“It’s basic to our biology. We need connection. Being cautious and purposeful about whom we speak to is just as important. They too can affect your emotions, self-esteem, and general peace,” she explained. “When talking to no more than 3 people at a time on the dating apps, you have the space and time to check in with yourself and see if this person is making you feel positive emotions or feeling off and/or anxious. This space allows you to cut off anyone, making you feel off, and feed the right conversations with the right people. If you’re talking to too many people at once, it’s nearly impossible to be mindful and pinpoint who’s making you feel good and who’s making you wildly uncomfortable.”

Ultimately, it’s all about taking care of yourself first

Before we try to fool the algorithm, perhaps we should start by working on ourselves. Scrolling through social media ends up being a meaningless act, and for Reyes, that’s the main thing that needs to change. 

“Unfollow any accounts that show negativity, and mute any friends or family that post things that anger or upset you,” she recommends. “Search for and follow accounts that are full of positivity. When scrolling aimlessly, scroll past anything negative and stay and watch the positive ones. Be mindful of something you usually use mindlessly.”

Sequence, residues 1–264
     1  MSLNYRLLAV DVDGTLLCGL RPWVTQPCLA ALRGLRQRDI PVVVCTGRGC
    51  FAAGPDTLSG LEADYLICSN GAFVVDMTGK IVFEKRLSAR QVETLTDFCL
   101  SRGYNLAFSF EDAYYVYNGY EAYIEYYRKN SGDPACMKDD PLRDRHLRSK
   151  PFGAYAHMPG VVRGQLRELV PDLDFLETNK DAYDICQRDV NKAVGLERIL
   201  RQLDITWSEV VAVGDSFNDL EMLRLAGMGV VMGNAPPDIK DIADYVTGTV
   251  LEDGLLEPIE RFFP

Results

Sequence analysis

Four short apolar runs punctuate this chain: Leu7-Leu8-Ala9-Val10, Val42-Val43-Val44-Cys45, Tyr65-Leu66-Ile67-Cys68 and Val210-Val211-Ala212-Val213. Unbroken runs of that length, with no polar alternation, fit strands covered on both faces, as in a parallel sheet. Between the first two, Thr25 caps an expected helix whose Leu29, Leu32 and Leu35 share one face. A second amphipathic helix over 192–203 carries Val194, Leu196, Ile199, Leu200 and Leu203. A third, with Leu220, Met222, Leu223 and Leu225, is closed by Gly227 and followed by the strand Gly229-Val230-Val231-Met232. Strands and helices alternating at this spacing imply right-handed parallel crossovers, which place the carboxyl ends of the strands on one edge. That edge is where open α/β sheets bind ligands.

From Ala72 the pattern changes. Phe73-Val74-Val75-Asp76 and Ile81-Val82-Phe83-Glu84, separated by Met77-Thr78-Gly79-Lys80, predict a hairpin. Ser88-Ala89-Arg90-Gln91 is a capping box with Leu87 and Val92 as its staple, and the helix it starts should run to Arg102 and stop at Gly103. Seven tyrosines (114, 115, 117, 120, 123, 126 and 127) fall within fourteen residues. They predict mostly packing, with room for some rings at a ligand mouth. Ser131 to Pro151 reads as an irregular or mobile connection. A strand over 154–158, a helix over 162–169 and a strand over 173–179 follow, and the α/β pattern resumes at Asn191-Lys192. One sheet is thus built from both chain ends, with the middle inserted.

In fact, Reyes recommends setting time limits on the phone and sticking to them. She suggests starting with 3-4 hours and gradually working your way down to 30 minutes or an hour a day. “If you have a tendency to ignore the time limit, the best tip I can give is to delete the social media apps, even if it’s for a few hours, and give yourself something to replace them during the times you usually scroll (like a book or meditation.).”

In her practice, Reyes has seen a significant reduction in anxiety in her clients who take social media breaks

She has also observed more productivity. “Activities that have been on the to-do list for months are suddenly checked off,” she said. “Self-esteem is a big one too. I have my clients replace social media time with positive affirmations, gratitude journaling, or reading a self-help book for better self-esteem.”

In fact, Reyes always jokes that FOMO should be in the DSM (standard classification of mental disorders used by mental health professionals in the United States.) And he sounds so consistent!

“Missing out on social media posts or something fun with friends can feel pretty awful and anxiety-inducing for most,” she explains. “It’s all mental. Work daily on shifting your internal narrative to gratitude. Instead of ‘I have so much FOMO. I wish I was at the bar with my friends.’ Try, ‘I’m so grateful I get this time to rest. I can always go the bar.'”

“That mindset shift will eventually help you focus on the positive instead of what you’re missing out on.”

Finally, Reyes has advice for all Latinas struggling to balance mental health and the pressures of modern life:

“Make the time to work on it. We’re all so busy. It’s an easy excuse to hold on to. Go to therapy, make time to move daily, spend time outside, find and do the things that bring you joy and peace, and be selfish with your happiness. Remind yourself that you’ll be better to everyone in your life if you feel good.”